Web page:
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Lumps can appear anywhere on your body.

Most lumps are harmless. But it's important to see your GP if you're worried or the lump is still there after 2 weeks.

Most lumps are normal

Most people get lumps and growths on their skin at some point.

They can:

  • be soft or hard to touch
  • move around
  • be the size of a pea or a golf ball
  • be a lump under the skin or a growth that hangs off your skin

Many things can cause lumps.

Causes of lumps

There are lots of possible causes of lumps and growths.

Your symptoms might give you an idea of what’s causing it, but do not self-diagnose.

See a GP if you're worried or the lump is still there after 2 weeks.

Lumps anywhere on the body

Possible causes of lumps on your body include:

  • skin tags – a small, fleshy growth on the skin
  • lipomas – a soft, squashy lump that moves
  • skin cysts – a hard lump that moves
  • skin abscesses – a hard, painful lump with a high temperature

Lumps on the armpit, neck or groin

Possible causes of lumps on your armpit, neck or groin include:

  • swollen glands – swelling on the side of the neck, armpit or groin
  • hernia – a lump in the groin
  • goitre – a lump on the front of the neck
  • genital warts – fleshy growths around the groin
  • non-Hodgkin's lymphoma – swelling on the side of the neck, armpit or groin that does not go down

Lumps around the bottom

Possible causes of lumps around the bottom include:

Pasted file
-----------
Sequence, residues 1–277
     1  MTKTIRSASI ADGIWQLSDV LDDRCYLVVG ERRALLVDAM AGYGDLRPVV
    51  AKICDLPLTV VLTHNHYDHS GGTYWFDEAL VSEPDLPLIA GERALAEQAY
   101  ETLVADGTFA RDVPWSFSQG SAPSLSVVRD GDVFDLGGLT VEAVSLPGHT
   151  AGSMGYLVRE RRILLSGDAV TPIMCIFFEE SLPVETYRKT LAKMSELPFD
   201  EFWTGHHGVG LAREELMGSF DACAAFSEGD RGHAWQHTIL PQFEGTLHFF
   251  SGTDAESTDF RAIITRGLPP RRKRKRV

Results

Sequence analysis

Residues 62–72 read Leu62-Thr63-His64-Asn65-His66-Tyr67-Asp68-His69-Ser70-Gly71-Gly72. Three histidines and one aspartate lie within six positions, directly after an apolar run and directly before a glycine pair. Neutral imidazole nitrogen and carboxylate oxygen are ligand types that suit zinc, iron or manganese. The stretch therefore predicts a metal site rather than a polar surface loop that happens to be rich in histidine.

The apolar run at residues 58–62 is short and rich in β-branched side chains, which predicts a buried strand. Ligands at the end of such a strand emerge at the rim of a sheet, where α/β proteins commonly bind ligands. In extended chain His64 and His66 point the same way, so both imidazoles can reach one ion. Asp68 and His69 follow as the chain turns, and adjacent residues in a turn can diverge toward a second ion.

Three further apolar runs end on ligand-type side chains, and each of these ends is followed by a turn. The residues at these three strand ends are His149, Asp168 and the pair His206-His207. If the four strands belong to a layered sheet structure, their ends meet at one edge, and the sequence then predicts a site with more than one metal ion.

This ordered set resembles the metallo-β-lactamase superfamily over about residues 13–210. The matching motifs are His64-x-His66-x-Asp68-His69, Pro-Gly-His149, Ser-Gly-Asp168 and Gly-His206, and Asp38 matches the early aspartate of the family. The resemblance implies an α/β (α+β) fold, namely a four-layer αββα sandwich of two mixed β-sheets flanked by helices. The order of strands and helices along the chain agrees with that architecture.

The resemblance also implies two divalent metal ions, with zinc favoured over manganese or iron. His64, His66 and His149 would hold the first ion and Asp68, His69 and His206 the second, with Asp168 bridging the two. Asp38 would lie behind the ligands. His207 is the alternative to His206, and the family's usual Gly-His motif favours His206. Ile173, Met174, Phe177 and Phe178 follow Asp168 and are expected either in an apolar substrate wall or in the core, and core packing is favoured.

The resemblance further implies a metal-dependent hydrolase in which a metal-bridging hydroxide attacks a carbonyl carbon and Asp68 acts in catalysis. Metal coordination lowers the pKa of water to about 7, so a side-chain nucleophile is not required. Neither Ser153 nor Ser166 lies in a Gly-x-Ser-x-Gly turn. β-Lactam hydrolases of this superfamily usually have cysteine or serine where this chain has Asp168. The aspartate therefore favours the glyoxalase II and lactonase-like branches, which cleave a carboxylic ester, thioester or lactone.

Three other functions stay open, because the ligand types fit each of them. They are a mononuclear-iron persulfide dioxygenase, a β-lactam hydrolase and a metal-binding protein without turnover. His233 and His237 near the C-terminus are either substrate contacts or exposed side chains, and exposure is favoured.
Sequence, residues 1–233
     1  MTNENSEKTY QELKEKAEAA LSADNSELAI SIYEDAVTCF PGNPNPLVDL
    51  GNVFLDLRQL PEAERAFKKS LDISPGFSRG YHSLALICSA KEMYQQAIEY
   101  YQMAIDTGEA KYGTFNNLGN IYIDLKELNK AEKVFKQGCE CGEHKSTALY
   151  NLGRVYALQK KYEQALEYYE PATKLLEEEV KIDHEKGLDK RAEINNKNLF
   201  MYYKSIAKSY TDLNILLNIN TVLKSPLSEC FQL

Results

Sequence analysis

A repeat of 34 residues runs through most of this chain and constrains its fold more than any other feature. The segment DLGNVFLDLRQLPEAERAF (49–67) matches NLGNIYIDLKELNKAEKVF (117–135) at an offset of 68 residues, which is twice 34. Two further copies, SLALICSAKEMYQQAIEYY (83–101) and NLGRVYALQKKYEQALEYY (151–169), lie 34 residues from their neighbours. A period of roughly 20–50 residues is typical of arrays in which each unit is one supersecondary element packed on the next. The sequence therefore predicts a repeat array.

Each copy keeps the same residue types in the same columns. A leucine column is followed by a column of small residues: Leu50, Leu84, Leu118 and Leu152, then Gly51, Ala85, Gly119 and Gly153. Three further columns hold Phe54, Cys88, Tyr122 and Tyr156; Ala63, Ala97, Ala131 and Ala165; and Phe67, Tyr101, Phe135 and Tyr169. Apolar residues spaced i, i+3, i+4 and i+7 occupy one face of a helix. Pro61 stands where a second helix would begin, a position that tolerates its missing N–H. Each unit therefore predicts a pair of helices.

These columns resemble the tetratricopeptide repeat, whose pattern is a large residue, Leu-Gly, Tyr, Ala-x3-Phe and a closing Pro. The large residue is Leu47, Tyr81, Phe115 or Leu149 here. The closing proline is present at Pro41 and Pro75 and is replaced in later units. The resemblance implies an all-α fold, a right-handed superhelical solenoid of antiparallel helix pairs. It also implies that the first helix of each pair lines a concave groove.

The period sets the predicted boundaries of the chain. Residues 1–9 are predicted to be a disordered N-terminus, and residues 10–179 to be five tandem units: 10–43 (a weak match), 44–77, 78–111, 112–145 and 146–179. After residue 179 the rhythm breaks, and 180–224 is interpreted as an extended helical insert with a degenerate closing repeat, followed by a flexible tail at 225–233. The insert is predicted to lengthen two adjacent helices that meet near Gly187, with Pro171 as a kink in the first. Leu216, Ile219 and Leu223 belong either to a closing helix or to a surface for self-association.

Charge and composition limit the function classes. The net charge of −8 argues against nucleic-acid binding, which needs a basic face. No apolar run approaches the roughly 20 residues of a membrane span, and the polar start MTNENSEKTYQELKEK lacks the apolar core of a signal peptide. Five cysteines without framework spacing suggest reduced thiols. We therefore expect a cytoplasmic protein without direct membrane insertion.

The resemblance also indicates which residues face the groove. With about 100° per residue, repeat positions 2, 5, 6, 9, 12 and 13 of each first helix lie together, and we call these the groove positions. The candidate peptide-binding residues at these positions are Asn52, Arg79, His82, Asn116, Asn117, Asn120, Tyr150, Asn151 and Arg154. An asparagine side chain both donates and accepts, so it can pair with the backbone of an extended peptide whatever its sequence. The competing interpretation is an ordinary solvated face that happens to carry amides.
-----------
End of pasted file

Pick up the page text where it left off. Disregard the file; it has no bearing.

• piles – a lump or lumps around the bottom (anus), often with itching or pain
  • rectal prolapse – a lump on the bottom (anus) and the need to do a poo

Lump on the breast or testicle

There are a number of possible causes for lumps on the breast or on the testicles.

Contact your GP if you have a lump on your breast or testicle.

Lump on the hands

Possible causes of lumps on the hands include:

  • ganglion cysts – a smooth lump on the hand, wrist or finger
  • warts – a rough growth on the hand or finger

Non-urgent advice: See your GP if:

  • your lump gets bigger
  • your lump is painful, red or hot
  • your lump is hard and does not move
  • your lump lasts more than 2 weeks
  • a lump grows back after it's been removed
  • you have a lump in the breast or testicles
  • you have a swelling on the side of your neck, armpit or groin that does not go down

What happens at your appointment

Your GP will look at your lump. They may be able to tell you what's causing it.

If they're unsure, they might refer you to a hospital for tests. These can include a biopsy (where a very small sample of the lump is removed and tested) or an ultrasound scan.

Content supplied by the NHS and adapted for Ireland by the HSE

Page last reviewed: 13 April 2021
Next review due: 13 April 2024

This project has received funding from the Government of Ireland’s Sláintecare Integration Fund 2019 under Grant Agreement Number 123.